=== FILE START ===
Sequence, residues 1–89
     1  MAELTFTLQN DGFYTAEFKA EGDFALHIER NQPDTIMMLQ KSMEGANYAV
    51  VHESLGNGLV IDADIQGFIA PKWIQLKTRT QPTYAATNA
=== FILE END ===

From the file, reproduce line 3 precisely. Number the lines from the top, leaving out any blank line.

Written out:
    51  VHESLGNGLV IDADIQGFIA PKWIQLKTRT QPTYAATNA